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How To Reduce Asthma Triggers in Your Home

Asthma education should include the effects of air pollution exposure. Here's how to combat indoor asthma triggers in your space.

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asthma triggers; world asthma day

Did you know that May is National Asthma and Allergy Awareness Month? Or, that on the third of this month World Asthma Day takes place? If not, that’s okay! In honor of this awareness month, we would like to discuss an issue that causes suffering for many asthmatics: air pollution. Yes, it’s true that air pollution is harmful to those without asthma. However, those with asthma are particularly at risk due to the nature of the respiratory condition. Keep reading to learn more about tackling and preventing indoor asthma triggers in your home.

What Is Asthma? 

Asthma is a chronic respiratory disease. Asthma causes the airways to narrow, swell and produce excessive mucus. This disease is characterized by a number of signs and symptoms including but not limited to:

  • Shortness of breath
  • Wheezing
  • Coughing
  • Chest tightness
  • Chest pain
  • Difficulty sleeping as a result of shortness of breath, coughing and wheezing

Approximately 1 in 13 Americans suffer from asthma. For some it is mild, for others it is moderate or severe. It affects people of all ages. However, it typically begins during childhood. Unfortunately, asthma cannot be cured but the symptoms can be treated and minimized. 

What Is World Asthma Day? 

As aforementioned, May is National Asthma and Allergy Awareness Month. And, during this month a special day is dedicated to asthma. May 3 is recognized as World Asthma Day. World Asthma Day is organized by the Global Initiative for Asthma, an organization founded in 1993. The first World Asthma Day was celebrated in 1998. Its purpose is to provide education and increase awareness.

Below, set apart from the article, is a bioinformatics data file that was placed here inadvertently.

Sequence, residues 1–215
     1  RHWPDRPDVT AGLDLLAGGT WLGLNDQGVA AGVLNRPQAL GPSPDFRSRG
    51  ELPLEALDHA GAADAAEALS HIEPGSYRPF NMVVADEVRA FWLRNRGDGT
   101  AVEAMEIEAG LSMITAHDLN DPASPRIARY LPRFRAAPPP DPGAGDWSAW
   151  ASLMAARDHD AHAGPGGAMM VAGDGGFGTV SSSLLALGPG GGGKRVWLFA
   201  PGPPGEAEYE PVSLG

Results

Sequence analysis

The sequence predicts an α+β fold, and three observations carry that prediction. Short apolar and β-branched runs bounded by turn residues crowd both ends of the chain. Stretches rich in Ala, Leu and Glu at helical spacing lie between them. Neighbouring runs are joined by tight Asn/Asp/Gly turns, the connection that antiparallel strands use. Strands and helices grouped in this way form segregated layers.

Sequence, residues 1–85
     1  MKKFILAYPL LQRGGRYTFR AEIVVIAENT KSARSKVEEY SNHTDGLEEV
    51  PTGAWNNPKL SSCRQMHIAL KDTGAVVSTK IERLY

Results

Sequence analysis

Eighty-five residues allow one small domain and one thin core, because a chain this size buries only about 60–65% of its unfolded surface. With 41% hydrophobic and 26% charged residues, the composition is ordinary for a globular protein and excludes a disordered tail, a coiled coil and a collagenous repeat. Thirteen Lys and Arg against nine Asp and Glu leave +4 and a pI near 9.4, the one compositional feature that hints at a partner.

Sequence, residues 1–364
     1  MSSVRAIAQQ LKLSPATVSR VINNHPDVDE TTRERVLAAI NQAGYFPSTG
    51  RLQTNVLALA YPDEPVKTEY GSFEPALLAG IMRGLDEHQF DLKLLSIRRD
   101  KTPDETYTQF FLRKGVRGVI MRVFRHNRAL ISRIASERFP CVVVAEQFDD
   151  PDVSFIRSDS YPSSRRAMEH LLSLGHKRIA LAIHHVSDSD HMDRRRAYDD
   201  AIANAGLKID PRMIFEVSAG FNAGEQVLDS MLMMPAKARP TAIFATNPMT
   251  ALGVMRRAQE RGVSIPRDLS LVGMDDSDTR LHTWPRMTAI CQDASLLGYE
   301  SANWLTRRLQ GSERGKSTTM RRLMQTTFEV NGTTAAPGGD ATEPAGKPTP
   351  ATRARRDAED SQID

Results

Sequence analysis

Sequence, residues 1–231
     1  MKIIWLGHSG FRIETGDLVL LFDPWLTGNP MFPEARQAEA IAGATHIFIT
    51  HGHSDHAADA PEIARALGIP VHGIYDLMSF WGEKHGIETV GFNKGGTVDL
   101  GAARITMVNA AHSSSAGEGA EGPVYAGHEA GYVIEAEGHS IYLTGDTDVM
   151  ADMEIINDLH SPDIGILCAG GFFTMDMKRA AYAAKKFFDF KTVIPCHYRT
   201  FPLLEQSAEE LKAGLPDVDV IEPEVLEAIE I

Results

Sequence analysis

This year’s theme is “Closing Gaps in Asthma Care.” What does that mean? As an example, asthma care disparities exist between wealthy and poor communities. In other words, individuals in more affluent areas are more likely to receive care. Unfortunately, there are a number of these gaps in asthma care including but not limited to:

  • Unequal access to diagnosis and treatment 
  • Communication and education about disease management for people with asthma
  • Knowledge and awareness among healthcare providers

How Does Air Pollution Affect Asthma? 

Air pollutants worsen symptoms and can cause asthma attacks, which is why many pollutants are known as asthma triggers. In short, air pollutants are inflammatory and when inhaled they may cause an asthmatic’s airways to narrow or swell.

Air Pollution Sources: Homeowners looking to learn more about indoor air pollution (and outdoor air pollution) … look no further! A comprehensive list of air pollution sources just for you →

Given the fact that asthmatics already have difficulty breathing, air pollutants simply add to that difficulty. Examples of indoor and outdoor air pollutants that are also asthma triggers can be found below.

Indoor Air Triggers:

  • Mold
  • Dander
  • Dust Mites

Outdoor Air Triggers:

  • Particulate Matter
  • Ground-Level Ozone 
  • Carbon Monoxide

Air Pollution and Childhood Asthma

Approximately 6 million children in the United States have asthma. Asthma is tough on children, there’s no doubt about it. And, exposure to air pollution makes it even more challenging to deal with this disease. Children exposed to air pollutants are more likely to have upper respiratory infections. Upper respiratory infections can worsen symptoms and trigger attacks. Also, as aforementioned, air pollutants are inflammatory and cause undue lung sensitivity which worsens asthma.